• Energy need during the day (10kWh)
The (not complete) formula. batteryChargePercentage is limited between 25% and 85%.
World Solar irradiance data from Solcast
The battery starts charging at 4am, to reach a minimum of 45% SoC (which the system has predicted as the needed SoC to get through the day)

Charge with solar, extra discharge in the evening

During building the case with ‘charge during the cheapest hours’, I also thought about ‘discharge during the most expensive hours’. Although with the current energy prices (and the taxes involved), it’s only about a few cents that can be gained (and I didn’t take into account the energy losses with charging and discharging), I still built the case to show that it can be done.

In this case 19:00h seems to be the most expensive hour

Grid balancing / power quality

Using the battery for grid balance and/or power quality related challenges can be a real use case too. Changing the power from the battery from charging with 5kW to discharge with 5kW (thus a delta of 10kW) means in my case a change in voltage of more than 10 volts! That means I can control my voltage by 1V per kW.

The full setup with solar, battery and charge station

The end goal was to combine everything, so it can work together to really act as a smart home with a HEMS. The battery should first be charged with solar energy, and if the battery is fully charged (which is 95% in my case) it’ll start charging my electric vehicle. The grid should be kept at 0 watt during the day, using the energy from the battery. At the most expensive hours the battery can discharge (a bit), but that use case is only really useful when the battery is big enough. In my case, 15.4 kWh, that’s not really the case.

  • The battery will pre-charge at night when there is not enough predicted solar for the next day. It’ll charge at the cheapest hours.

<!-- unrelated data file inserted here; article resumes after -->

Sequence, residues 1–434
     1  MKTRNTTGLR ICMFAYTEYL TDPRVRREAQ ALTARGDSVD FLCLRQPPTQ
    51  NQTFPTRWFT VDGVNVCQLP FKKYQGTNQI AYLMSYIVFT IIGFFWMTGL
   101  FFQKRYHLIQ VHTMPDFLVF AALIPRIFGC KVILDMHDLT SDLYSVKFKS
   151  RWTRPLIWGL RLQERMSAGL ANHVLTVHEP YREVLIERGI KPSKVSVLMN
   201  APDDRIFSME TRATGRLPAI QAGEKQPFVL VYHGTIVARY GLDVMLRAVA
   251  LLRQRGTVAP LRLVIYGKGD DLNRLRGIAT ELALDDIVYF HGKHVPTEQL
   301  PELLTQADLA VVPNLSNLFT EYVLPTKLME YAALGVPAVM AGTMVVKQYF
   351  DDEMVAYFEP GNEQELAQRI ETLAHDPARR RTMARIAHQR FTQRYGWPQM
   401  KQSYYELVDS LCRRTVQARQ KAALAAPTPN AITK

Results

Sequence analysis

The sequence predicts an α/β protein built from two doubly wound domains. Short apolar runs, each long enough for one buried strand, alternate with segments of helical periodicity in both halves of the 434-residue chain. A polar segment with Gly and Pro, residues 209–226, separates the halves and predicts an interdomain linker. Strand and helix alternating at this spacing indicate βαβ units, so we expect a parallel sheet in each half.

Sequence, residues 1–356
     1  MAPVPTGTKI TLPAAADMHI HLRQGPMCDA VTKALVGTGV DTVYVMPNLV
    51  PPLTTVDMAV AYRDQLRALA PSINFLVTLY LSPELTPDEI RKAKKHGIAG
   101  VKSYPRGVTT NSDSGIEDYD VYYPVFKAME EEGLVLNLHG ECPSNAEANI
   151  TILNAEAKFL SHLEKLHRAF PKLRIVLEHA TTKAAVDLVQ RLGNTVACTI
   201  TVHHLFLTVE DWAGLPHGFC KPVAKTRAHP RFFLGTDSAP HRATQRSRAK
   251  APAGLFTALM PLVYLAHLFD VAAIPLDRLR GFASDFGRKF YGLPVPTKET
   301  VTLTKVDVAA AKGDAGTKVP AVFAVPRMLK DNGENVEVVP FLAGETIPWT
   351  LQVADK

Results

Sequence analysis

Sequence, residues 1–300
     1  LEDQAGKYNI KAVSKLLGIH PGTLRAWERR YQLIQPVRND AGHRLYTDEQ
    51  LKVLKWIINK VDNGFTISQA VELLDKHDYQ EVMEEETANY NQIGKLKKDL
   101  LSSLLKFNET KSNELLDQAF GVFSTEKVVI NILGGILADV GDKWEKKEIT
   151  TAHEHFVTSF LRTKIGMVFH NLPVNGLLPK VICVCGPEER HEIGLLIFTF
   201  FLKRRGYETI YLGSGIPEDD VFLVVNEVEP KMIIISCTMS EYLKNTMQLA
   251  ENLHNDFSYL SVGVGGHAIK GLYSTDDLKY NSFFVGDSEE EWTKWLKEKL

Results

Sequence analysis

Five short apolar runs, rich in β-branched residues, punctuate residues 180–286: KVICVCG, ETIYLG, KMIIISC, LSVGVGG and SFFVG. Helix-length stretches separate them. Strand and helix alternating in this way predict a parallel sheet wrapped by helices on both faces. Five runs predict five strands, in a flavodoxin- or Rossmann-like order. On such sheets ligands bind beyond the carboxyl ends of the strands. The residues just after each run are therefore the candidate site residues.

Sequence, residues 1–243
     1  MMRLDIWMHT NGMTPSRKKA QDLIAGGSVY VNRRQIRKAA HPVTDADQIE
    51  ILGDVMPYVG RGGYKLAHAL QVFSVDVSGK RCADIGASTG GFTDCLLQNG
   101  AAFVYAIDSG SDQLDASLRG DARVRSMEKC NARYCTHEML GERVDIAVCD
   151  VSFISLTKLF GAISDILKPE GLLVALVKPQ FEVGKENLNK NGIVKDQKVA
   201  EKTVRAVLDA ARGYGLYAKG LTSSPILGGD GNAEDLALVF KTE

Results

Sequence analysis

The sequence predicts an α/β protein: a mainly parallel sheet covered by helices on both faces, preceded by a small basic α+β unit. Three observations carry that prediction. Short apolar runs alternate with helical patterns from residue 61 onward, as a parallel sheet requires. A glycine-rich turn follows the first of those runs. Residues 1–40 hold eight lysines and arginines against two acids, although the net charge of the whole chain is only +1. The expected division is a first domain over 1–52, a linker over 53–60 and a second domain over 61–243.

• The charge station will charge the electric vehicle at night at the cheapest hours.
  • The battery will store all excessive solar energy produced during the day in the battery.
  • The battery will keep the grid connection at around 0 watt, to be as self sufficient as possible.
  • The charge station will only charge the car with excessive solar if, and only if, the battery is 95% full and not discharging.
  • Discharging of the battery at the most expensive hours.
The SoC of the stationary battery (left) and the power on my grid connection, battery and charge station

Next steps or future use cases

Next thing I might build is, that if the car is fully charged I might enable my airconditioning to start cooling when the temperature in the room is > 22 degrees Celsius for example.

The code

I still have to clean up my code, so you’ll find my code here later on.

In-home protocols and modbus magic

ElaadNL did research the different in-home energy flexibility protocols, I suggest you to read it if you’re into in-home systems.

Did I inspire you?

If I inspired you and want to know more, work together, or have some devices you want me to integrated in my home as a pilot or proof of concept, please contact me. I’m always in for new technology and new appliances I can add and control. The easiest way is probably via LinkedIn: Harm van den Brink



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Harm van den Brink

Harm van den Brink


Cyber security, smart grids, electric vehicles, distributed ledger technology, hardware. Owner of Innoshift B.V. Articles on personal title.